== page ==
New Studies: HMB Reduces Body Fat
by: Robbie Durand
β-Hydroxy-β-methylbutyrate (HMB), a leucine derived metabolite, has been demonstrated to augment strength and lean muscle gains when supplemented in conjunction with resistance training. While HMB has displayed robust anabolic/anticatabolic properties, the underlying mechanisms regarding its efficacy are not completely understood. HMB is known to increase muscle protein synthesis through mTOR signaling pathways while concurrently reducing proteolytic processes. Recently, an 18% increase in strength gain was demonstrated following 12 weeks of HMB ingestion compared to placebo in experienced resistance trained men. Two new studies were recently published this year which suggest that HMB maybe a supplemet that you want to include in your cabinet.
Study 1: HMB Reduces Bodyfat in Older Men
The effects of 12-weeks of HMB ingestion and resistance training (RT) on abdominal adiposity were examined in 48 men (66–78 yrs). All participants were randomly assigned to 1 of 4 groups: no-training placebo, HMB only, resistance training with placebo, or HMB with resistance training. DEXA scans were used to estimate abdominal fat mass. At the end of the study, the abdominal fat in the men consuming resistance training with placebo group was significantly less than no-training placebo, HMB only, resistance training with placebo. These data suggested that HMB in combination with 12 weeks of RT decreased abdominal fat mass in elderly men.
Study 2: HMB Increases GH/IGF-1
The second study, examined the endocrine response to a bout of heavy resistance exercise following acute β-hydroxy-β-methylbutyrate free acid (HMB-FA) ingestion. Twenty resistance trained men were randomized and consumed either 1 g of HMB-FA (BetaTor) or placebo (PL) 30 min prior to performing an acute heavy resistance exercise protocol. Blood was obtained before, immediately after, and 30 min after exercise. Circulating concentrations of testosterone, growth hormone (GH), insulin-like growth factor (IGF-1), and insulin were assayed. The resistance exercise protocol resulted in significant elevations in testosterone , GH , and insulin immediately post-exercise, with GH and insulin remaining elevated 30 minutes post exercise. A significant interaction was noted between groups in the plasma GH response immediately post-exercise, which was significantly higher following HMB-FA compared to placebo . Elevations in GH and IGF-1 were significantly higher in the HMB-FA group compared to PL. Conclusion, HMB-FA prior to resistance exercise augments the GH response to high volume resistance exercise compared to placebo. These findings provide further support for the potential anabolic benefits associated with HMB supplementation.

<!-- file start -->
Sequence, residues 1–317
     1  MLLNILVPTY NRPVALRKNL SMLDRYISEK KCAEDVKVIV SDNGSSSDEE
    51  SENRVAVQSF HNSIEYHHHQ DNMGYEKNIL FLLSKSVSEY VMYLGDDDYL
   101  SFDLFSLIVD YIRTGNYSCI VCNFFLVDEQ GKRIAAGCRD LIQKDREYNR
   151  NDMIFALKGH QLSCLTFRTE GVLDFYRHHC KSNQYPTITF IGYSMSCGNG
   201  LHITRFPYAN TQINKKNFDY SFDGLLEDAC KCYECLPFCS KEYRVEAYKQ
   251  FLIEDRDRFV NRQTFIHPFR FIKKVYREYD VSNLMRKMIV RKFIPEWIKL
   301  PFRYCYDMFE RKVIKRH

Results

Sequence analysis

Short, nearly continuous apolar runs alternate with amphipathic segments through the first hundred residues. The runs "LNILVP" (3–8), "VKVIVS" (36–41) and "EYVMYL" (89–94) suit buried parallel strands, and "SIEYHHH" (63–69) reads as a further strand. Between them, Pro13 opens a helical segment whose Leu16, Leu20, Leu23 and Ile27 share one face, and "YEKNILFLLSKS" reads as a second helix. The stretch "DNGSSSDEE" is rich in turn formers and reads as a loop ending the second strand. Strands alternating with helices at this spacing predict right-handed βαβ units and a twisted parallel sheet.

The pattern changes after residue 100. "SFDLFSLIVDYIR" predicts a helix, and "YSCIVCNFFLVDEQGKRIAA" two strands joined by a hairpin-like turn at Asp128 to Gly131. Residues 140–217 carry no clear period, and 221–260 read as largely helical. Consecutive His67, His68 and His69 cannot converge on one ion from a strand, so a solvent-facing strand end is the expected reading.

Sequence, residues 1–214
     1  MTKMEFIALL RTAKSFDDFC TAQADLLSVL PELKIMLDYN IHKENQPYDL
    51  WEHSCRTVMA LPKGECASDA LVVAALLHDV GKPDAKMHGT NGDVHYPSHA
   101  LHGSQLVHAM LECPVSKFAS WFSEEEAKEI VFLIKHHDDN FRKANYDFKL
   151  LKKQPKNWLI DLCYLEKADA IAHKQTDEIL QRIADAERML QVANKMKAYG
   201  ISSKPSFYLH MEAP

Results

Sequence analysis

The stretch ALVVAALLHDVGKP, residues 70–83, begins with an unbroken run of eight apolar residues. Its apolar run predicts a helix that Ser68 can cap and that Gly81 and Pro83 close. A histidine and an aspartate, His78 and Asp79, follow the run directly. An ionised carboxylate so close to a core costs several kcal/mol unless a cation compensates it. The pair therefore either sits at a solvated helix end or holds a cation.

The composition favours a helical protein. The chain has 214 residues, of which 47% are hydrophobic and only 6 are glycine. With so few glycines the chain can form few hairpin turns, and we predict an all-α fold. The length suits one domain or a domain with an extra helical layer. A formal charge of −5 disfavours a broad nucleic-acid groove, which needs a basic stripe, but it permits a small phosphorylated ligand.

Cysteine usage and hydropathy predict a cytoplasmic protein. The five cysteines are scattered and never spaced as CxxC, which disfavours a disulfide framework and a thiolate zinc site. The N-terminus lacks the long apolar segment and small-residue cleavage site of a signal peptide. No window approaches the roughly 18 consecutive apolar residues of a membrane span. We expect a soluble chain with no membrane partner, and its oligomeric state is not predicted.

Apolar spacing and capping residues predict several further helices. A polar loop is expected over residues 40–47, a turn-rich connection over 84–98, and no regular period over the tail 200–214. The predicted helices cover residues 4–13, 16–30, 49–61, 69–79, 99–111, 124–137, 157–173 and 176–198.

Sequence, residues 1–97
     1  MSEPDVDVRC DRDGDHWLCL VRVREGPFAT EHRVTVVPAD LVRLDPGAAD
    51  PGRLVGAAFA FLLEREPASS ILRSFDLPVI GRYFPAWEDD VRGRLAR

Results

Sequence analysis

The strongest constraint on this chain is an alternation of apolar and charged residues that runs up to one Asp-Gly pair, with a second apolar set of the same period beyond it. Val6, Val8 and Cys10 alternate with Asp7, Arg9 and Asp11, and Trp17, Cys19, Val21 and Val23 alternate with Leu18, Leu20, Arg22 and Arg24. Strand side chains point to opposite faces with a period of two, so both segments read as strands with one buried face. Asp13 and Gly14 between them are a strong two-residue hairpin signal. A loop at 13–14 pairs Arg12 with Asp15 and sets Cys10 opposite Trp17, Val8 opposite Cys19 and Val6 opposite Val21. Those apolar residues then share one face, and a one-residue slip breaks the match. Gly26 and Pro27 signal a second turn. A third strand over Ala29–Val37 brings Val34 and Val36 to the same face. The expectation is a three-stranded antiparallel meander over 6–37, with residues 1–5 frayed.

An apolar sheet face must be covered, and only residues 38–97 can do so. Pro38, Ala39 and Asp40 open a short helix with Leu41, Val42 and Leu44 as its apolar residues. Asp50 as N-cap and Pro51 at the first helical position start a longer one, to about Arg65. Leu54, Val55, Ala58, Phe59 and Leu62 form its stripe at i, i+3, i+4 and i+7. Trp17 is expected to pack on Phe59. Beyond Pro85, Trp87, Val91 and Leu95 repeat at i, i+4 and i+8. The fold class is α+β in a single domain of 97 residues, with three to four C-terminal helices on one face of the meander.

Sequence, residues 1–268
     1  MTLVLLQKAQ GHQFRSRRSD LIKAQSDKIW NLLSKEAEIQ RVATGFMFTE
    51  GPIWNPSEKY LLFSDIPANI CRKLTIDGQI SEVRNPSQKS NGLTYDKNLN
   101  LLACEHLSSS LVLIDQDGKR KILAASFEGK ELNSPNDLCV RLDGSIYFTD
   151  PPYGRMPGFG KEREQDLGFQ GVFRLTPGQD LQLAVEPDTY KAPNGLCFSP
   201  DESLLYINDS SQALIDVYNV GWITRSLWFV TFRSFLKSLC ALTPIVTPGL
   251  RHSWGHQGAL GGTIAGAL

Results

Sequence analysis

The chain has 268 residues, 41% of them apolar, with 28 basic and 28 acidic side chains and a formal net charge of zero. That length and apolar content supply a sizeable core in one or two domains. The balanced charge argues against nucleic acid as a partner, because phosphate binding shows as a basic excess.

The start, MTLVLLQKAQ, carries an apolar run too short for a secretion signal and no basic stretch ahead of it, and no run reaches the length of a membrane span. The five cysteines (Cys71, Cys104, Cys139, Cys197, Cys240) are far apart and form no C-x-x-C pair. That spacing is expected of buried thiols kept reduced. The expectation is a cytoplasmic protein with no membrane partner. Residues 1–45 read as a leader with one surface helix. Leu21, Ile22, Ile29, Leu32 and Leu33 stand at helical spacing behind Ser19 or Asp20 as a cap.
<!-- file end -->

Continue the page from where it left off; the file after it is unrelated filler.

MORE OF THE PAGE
In summary, these results appear to be the first examination suggesting that one gram of HMB-FA can promote a significantly greater postexercise increase in GH and IGF-1 compared to PL. This finding provides important contributions to our understanding of how HMB may affect endocrine function in humans.
Supplementation of HMB tends to be in the dosage range of 1-3g daily for the purpose of reducing muscle mass losses over time (anti-catabolic). As HMB is said to be 20-fold more potent than leucine for this purpose, it is seen as equivalent to 20-60g of leucine supplementation. Adding HMB maybe an important supplement to add to any athletes supplement stack.
Jeffrey R. Stout, David H. Fukuda, Kristina L Kendall, Abbie E. Smith, Ryan, Jordan R. Moon, and Jay R. Hoffman. β-hydroxy-β-methylbutyrate Supplementation and Resistance Exercise
Significantly Reduce Abdominal Adiposity in Healthy Elderly Men. Experimental Gerontology. Volume 64, April 2015, Pages 33–34
J. M. Wilson, R. P. Lowery, J. M. Joy et al., “The effects of 12 weeks of beta-hydroxy-beta-methylbutyrate free acid supplementation on muscle mass, strength, and power in resistance-trained individuals: a randomized, double-blind, placebo-controlled study,” European Journal of Applied Physiology, vol. 114, no. 6, pp. 1217–1227, 2014.
W. J. Kraemer, D. L. Hatfield, J. S. Volek et al., “Effects of amino acids supplement on physiological adaptations to resistance training,” Medicine and Science in Sports and Exercise, vol. 41, no. 5, pp. 1111–1121, 2009.
S. Nissen, R. Sharp, M. Ray et al., “Effect of leucine metabolite β-hydroxy-β-methylbutyrate on muscle metabolism during resistance-exercise training,” Journal of Applied Physiology, vol. 81, no. 5, pp. 2095–2104, 1996.
P. Gallagher, J. Carrithers, M. Godard, K. Schulze, and S. Trappe, “β-Hydroxy-β-methylbutyrate supplementation during resistance training,” Medicine & Science in Sports & Exercise, vol. 31, no. 5, p. S402, 1999.
Jeremy R. Townsend, Jay R. Hoffman, Adam M. Gonzalez, Adam R. Jajtner, Carleigh H. Boone, Edward H. Robinson, Gerald T. Mangine, Adam J. Wells, Maren S. Fragala, David H. Fukuda, and Jeffrey R. Stout. Effects of β-Hydroxy-β-methylbutyrate Free Acid Ingestion and Resistance Exercise on the Acute Endocrine Response. International Journal of Endocrinology. Volume 2015 (2015),